Everybody is different. That also means that in a relationship you express your love in different ways. Where one uses words to express love, the other may be focused on physical touch; you call this your love language. How do you show your love?

Love language

Relationship therapist and anthropologist Gary Chapman wanted to understand why so many relationships break up and explored love languages. His goal? To make sure relationships succeed! His conclusion was that everyone has their own “love language”. If your love language is different from that of your partner, this can cause miscommunication. And if there is miscommunication, the chance that you will grow apart as partners increases. It’s as if one speaks Chinese and the other Spanish; it is impossible to properly understand each other. Time to find out what love language you and your partner have!

How do you and your partner show each other love?

  • Positive words

If this is your way of expressing love, then you probably value compliments from your partner. You prefer your partner using words to express his/her love. Someone with this love language is extra sensitive to positive words. If someone doesn’t express themselves with words, you might feel emotionally neglected or rejected.

  • Time and attention

If you like to invest time and attention in your partner, then you probably find it important to experience this the other way around as well. If your partner pays a lot of attention to you, spends time with you and does fun things with you, that will make you very happy. So if that doesn’t happen (for example because your partner cancels appointments or doesn’t really listen to you) you may feel very disappointed.

  • Giving and receiving presents

If you enjoy pampering your partner, for example by unexpectedly giving your partner a present, then you will also appreciate receiving these gestures from him/her. You enjoy getting presents from your partner because it makes you feel like your partner cares about you. It’s not about buying expensive gifts, it is rather about thoughtfulness and effort.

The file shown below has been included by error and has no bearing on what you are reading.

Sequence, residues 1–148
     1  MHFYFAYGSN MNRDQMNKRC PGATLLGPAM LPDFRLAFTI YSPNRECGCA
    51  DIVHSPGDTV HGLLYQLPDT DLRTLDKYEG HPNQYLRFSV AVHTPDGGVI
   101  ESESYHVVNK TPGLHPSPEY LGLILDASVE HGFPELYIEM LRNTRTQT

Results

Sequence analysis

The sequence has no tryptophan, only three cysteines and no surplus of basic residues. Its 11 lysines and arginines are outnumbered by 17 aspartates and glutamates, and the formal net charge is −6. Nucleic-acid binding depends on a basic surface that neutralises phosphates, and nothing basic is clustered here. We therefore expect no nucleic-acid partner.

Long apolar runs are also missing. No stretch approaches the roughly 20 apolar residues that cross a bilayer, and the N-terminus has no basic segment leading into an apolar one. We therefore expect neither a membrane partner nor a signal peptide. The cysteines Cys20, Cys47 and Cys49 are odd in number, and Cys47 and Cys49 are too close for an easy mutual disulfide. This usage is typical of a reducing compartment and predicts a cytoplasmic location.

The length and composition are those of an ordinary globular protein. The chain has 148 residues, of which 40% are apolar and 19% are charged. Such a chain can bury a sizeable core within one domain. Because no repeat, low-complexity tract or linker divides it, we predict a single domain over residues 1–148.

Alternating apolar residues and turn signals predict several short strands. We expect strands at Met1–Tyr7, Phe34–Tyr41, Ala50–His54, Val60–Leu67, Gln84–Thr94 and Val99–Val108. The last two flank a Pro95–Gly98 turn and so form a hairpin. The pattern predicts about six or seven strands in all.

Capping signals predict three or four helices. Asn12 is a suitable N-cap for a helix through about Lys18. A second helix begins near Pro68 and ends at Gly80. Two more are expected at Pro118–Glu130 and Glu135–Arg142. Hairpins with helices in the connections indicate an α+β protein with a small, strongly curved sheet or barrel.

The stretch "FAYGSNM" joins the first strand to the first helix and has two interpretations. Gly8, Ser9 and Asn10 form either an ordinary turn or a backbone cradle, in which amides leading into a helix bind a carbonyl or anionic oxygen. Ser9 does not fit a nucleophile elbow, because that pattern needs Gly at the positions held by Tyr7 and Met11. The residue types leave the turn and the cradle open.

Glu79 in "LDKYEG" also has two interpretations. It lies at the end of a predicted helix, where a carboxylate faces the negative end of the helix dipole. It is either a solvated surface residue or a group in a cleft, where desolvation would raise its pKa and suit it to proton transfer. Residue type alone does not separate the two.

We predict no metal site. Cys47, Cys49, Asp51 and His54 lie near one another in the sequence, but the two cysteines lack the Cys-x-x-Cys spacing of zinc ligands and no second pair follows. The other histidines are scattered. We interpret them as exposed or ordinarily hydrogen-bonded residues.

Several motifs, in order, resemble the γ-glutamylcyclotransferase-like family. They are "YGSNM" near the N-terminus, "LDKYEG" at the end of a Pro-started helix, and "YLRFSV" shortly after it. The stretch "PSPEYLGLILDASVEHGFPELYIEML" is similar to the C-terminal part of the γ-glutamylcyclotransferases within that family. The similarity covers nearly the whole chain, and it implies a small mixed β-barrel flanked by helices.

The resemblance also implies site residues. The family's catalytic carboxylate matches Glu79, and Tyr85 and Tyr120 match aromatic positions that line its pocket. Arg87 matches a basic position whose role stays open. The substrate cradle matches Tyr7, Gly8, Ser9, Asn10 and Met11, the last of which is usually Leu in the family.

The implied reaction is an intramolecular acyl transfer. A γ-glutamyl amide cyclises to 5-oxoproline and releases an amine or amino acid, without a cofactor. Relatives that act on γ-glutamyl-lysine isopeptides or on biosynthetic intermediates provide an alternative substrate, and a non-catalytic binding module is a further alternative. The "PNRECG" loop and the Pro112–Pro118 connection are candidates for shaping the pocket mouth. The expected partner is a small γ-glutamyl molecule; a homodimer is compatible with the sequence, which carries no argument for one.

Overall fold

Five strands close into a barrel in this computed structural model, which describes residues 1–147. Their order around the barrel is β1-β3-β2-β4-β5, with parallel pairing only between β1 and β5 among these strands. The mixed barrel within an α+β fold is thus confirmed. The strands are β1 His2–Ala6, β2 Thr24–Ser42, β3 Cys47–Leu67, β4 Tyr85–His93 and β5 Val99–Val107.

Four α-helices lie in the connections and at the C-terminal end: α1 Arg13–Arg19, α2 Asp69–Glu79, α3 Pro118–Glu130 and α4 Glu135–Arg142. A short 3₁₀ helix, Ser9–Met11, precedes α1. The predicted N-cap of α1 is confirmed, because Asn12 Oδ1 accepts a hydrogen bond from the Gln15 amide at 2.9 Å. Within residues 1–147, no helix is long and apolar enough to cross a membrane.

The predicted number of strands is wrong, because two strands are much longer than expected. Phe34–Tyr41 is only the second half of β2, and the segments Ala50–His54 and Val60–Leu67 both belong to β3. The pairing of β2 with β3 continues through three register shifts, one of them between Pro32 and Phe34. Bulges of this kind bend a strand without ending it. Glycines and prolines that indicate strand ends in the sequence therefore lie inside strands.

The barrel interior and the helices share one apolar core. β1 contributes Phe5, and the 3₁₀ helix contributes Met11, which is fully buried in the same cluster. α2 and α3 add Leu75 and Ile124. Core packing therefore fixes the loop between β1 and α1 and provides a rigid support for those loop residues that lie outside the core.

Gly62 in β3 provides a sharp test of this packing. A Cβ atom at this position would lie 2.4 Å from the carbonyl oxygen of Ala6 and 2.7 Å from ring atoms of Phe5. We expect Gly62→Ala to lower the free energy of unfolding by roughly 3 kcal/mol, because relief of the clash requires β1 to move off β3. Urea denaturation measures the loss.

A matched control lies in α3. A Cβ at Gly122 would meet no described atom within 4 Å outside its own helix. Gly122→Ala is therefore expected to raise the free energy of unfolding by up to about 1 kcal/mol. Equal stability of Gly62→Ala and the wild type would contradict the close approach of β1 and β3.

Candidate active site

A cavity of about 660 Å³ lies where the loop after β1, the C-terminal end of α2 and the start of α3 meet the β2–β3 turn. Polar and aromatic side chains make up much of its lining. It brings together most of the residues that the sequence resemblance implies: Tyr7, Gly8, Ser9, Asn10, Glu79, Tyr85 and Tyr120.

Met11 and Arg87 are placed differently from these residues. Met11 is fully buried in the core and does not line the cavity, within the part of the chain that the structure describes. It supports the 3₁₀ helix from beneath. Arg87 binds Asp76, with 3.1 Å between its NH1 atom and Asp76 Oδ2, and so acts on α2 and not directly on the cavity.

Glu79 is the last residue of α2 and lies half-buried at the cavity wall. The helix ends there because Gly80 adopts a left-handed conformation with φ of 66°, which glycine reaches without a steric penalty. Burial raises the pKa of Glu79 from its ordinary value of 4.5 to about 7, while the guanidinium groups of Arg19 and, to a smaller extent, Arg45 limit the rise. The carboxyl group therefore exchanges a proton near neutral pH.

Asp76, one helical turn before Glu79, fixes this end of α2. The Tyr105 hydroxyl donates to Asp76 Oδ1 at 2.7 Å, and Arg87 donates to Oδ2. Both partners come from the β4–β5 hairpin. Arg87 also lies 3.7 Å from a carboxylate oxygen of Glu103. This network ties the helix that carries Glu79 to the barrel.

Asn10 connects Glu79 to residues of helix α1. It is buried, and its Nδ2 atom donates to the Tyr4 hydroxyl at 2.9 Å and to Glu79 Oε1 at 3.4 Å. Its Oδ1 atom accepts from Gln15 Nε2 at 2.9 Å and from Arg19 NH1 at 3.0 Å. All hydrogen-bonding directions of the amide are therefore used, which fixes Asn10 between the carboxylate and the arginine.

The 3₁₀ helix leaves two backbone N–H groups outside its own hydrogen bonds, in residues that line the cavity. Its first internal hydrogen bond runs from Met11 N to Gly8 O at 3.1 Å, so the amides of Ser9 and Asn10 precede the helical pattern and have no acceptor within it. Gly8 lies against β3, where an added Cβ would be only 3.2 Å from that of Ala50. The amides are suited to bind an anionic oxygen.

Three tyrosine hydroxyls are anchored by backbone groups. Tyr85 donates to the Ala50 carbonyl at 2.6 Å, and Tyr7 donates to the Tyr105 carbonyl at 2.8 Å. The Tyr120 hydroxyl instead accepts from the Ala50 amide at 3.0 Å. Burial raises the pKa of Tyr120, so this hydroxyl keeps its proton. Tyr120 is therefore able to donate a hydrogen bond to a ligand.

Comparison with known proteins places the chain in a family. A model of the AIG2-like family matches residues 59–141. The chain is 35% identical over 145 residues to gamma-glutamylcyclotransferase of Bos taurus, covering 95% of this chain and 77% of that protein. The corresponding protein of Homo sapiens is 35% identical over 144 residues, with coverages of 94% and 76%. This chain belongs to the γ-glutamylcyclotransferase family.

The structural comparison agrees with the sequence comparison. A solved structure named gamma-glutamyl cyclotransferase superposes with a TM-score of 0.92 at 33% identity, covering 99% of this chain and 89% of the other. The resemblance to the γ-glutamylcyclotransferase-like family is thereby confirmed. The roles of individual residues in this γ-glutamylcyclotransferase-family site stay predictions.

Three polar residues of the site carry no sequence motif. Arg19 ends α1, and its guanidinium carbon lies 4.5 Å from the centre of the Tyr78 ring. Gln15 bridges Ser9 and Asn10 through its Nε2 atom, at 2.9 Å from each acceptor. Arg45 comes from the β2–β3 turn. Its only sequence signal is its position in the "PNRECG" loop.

• Being helpful

When you speak this love language, you express your love by executing tasks. This could be anything: taking out the trash, doing the dishes or tidying the house because you know your partner appreciates it. Some people prefer their partner being helpful over getting compliments. If your partner is not helpful, whilst this is your own love language, you may experience it as hurtful or you may not feel taken seriously.

  • Physical touch

This is not just about sex, but also about walking hand in hand, sitting next to each other or cuddling on the couch, being touched when your partner walks past you. When someone does not touch you, while this is your love language, it can quickly feel like rejection.

Talk to each other

It is important to understand what each other’s love language is. By knowing this, you can both learn what you like, and you can take each other’s feelings into account. When you talk about your love language, you can then take them into account and grow closer to each other instead of apart!

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Sarah Goslinga

My name is Sarah Goslinga, psychologist and coach at NiceDay. It's important to me that you have a real connection with your coach and that you feel you can discuss anything. In my spare time I'm busy with producing music.

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